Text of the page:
this is what I'm getting Downpayment = 0.18*212400 = 38232 Mortgage Amount = 212400 - 38232 = 174168 Total amount paid back (principal + interest) = 1106.25*25*12 = 331875 Discount points = 2*0.01*174168 = 3483.36 Origination Fee = 0.005*174168 = 870.84 Documentary stamp tax on deed (based on home value) 212,400*0.70/100 = 1486.80 Documentary stamp tax on mortgage (based on mortgage value) 174168 rounds to 174200 174200*0.35/100 = 609.7 Mortgage broker fee = 185 + 0.03*174168 = 5410.04 Intangible Tax = 0.002*174168 = 348.336 = 348.34 Add up the results: 38232+331875+3483.36+870.84+1486.80+609.7+5410.04+348.34 = 382,316.08
is there anything in your notes about "Documentary stamp tax on deed" ?
you provided the "documentary stamp tax on the mortgage" portion and that was helpful
Yeah I do @jim_thompson5910
The seller typically pays the documentary stamp tax on the deed. As one example, in almost every county in Florida, the seller is charged $0.70 for every $100 (or portion thereof) on the sale price of the house. To determine the tax on the deed, round the selling price up to the next $100. Then multiply that amount by 0.70 divided by 100, or 0.007. Regardless of whether a buyer pays cash for a house or uses financing, the seller is still responsible for the documentary stamp tax on the selling price.
ok let me try something
yeah I'm still getting 382,316.08 so I'm guessing the answer should be 382,351.08 there's either a rounding error somewhere or I'm missing some fee(s) ?
honestly i don't know why they make it so complicated with all these taxes and fees. It's kinda ridiculous
No they do not know how to make proper questions
Colin and Payton bought 79 shares of Stock A at $63 per share, 43 shares of Stock B at $119 per share, and a ten-year $7,500 bond with a 14.91% coupon for $7,000. Colin and Payton sold all stocks and bonds yesterday. Stock A was $78 per share and Stock B had a value of $131 per share. If neither stock paid a dividend, which investment has the highest rate of return? Stock A Stock B Bond Stock A and Bond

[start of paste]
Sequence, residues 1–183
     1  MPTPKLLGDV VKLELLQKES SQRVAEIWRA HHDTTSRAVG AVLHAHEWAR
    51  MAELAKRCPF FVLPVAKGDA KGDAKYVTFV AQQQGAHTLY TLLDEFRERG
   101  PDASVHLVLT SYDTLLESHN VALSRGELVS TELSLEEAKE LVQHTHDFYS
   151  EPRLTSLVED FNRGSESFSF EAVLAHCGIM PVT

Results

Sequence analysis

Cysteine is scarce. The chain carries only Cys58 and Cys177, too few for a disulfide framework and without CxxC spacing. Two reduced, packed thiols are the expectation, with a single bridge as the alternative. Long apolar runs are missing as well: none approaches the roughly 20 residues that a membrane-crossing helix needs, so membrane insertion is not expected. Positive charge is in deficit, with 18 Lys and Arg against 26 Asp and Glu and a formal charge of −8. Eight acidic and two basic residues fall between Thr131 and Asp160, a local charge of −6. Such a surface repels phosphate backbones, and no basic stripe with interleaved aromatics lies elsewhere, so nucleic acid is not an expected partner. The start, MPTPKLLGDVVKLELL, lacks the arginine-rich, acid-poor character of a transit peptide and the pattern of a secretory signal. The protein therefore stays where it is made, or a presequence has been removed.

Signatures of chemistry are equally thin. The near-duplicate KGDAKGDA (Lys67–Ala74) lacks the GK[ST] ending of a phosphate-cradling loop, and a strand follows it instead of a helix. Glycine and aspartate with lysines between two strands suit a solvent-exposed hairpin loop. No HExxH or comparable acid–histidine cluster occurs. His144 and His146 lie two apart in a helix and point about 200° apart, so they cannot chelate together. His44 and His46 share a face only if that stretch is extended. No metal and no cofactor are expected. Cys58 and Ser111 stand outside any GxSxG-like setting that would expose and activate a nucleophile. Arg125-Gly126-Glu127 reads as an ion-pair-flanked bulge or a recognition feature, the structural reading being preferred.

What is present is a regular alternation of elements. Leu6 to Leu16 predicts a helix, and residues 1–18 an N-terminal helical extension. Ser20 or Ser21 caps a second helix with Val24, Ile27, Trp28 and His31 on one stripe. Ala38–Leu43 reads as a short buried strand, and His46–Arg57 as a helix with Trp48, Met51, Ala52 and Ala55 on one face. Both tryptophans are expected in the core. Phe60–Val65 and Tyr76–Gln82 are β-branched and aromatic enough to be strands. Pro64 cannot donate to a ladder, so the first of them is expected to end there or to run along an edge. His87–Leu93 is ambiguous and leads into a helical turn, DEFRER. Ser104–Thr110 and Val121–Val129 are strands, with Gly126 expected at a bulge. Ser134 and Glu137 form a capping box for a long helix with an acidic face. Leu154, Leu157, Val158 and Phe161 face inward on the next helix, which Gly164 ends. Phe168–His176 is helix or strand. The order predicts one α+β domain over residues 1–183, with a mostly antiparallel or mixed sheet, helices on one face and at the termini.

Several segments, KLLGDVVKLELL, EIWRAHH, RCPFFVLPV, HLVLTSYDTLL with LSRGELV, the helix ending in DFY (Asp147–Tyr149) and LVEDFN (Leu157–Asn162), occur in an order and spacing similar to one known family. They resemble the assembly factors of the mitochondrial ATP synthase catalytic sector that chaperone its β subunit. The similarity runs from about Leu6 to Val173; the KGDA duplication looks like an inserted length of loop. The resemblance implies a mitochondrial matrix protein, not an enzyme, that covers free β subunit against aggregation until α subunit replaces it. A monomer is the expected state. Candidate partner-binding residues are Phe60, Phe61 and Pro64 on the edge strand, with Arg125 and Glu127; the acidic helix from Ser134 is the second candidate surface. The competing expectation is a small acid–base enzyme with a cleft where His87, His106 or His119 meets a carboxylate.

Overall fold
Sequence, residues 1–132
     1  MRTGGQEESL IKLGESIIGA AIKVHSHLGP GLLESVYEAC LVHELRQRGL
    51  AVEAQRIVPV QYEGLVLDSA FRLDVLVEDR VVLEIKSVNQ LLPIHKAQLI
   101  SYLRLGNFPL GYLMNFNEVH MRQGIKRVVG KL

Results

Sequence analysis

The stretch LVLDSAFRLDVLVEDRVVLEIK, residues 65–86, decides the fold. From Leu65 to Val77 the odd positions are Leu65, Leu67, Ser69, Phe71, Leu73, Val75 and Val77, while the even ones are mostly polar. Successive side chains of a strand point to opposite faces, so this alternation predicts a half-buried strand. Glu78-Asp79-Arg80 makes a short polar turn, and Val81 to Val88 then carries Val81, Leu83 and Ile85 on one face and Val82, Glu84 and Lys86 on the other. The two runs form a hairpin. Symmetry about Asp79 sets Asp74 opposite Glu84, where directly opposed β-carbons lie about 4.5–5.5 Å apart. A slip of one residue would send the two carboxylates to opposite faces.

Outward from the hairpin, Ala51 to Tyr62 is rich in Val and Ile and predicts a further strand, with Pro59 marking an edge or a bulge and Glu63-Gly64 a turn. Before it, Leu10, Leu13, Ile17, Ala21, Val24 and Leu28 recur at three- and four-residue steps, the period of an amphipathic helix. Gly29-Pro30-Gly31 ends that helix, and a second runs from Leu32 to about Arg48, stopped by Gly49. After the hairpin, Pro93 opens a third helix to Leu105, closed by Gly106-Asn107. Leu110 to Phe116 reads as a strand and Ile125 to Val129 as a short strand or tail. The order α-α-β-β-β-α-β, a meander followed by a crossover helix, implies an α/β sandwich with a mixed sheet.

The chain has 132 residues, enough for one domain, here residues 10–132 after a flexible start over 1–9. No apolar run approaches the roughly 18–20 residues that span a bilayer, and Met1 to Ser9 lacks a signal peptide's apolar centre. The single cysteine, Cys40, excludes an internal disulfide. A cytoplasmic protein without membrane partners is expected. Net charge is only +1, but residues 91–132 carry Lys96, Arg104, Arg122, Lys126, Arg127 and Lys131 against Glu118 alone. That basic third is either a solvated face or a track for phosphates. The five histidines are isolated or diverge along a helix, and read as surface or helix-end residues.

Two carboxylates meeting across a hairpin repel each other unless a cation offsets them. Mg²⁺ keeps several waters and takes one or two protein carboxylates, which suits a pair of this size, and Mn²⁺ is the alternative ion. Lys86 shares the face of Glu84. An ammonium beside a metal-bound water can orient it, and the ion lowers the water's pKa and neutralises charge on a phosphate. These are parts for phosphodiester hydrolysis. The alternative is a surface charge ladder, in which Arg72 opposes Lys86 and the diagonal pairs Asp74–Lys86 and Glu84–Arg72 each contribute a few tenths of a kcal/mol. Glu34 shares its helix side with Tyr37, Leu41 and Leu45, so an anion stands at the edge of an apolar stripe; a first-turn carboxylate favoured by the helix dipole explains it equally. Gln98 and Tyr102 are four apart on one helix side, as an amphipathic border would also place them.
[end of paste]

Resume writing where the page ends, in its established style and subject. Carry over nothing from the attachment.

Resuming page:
For this question I It would be Stock A
Stock A total cost = 79*63 = 4977 total revenue = 79*78 = 6162 Rate of return = (revenue - cost)/cost = (6162-4977)/4977 = 0.238095 Stock B total cost = 43*119 = 5117 total revenue = 43*131 = 5633 Rate of return = (revenue - cost)/cost = (5633-5117)/5117 = 0.100840 Bond total cost = 7000 total revenue = 7,000+0.1491*7500*10 = 18,182.5 Rate of return = (revenue - cost)/cost = (18182.5-7000)/7000 = 1.5975
So it looks like the bond has the highest rate of return
Piper invested $7,400 in a Certificate of Deposit, $4,980 in a corporate bond, $5,100 in a common stock, and $6,350 in a preferred stock, The COD has a rate of return of 3.4%; the corporate bond is 5.8%; the common stock’s rate of return is –1.9%; and the preferred stock has a rate of return of 4.6%. What is Piper’s weighted mean rate of return? 4.60% 3.90% 2.98% 3.09% @jim_thompson5910
@jim_thompson @gabylovesu For Riley's problem, I get exactly $382316.08 as well, including all charges. Could Gaby check on two things: 1. typo's on the question,just in case 2. According to the notes, the seller is responsible for the doc.stamp tax on deed (perhaps only in Florida), so Riley should not have to pay the $1486.80.
For Collin & Payton, \(at~maturity\) the bond will only pay 7500*1.1491=8618.25. So return = (8618.25-7000)/7000=23.11% It was not stated whether the bond was sold at maturity value. Even so, stock A (23.8%) still gets the highest return.
Piper, For each investment, multiply the value of each investment by the rate of return to get the return amount in dollars. Calculate the total value of the investments and the total of the returns. Weighted mean rate = Total return / total investment
@gabylovesu If you are interested in calculating Nevaeh's problem (the first one) using formulas instead of calculator, please let me know.
@mathmate for the bond one, don't you have to include coupon payments as well?
@jim_thompson5910 lol, I think it's a different interpretation between us. For "and a ten-year $7,500 bond with a 14.91% coupon for $7,000." I interpreted it as "a $7500 bond for $7000. The bond carries a 14.91% coupon".
I'm not sure anymore, but I thought the bond would provide coupon payments for 10 years
Neither am I. However, there is such a thing as a "zero coupon bond", although the question doesn't specify. In any case, the coupons would pay back the nominal value, which comes to be the same total amount. The thing is, the date of disposition (maturity) is not flexible. The question seems to give the idea the bond was sold at the same time as the shares.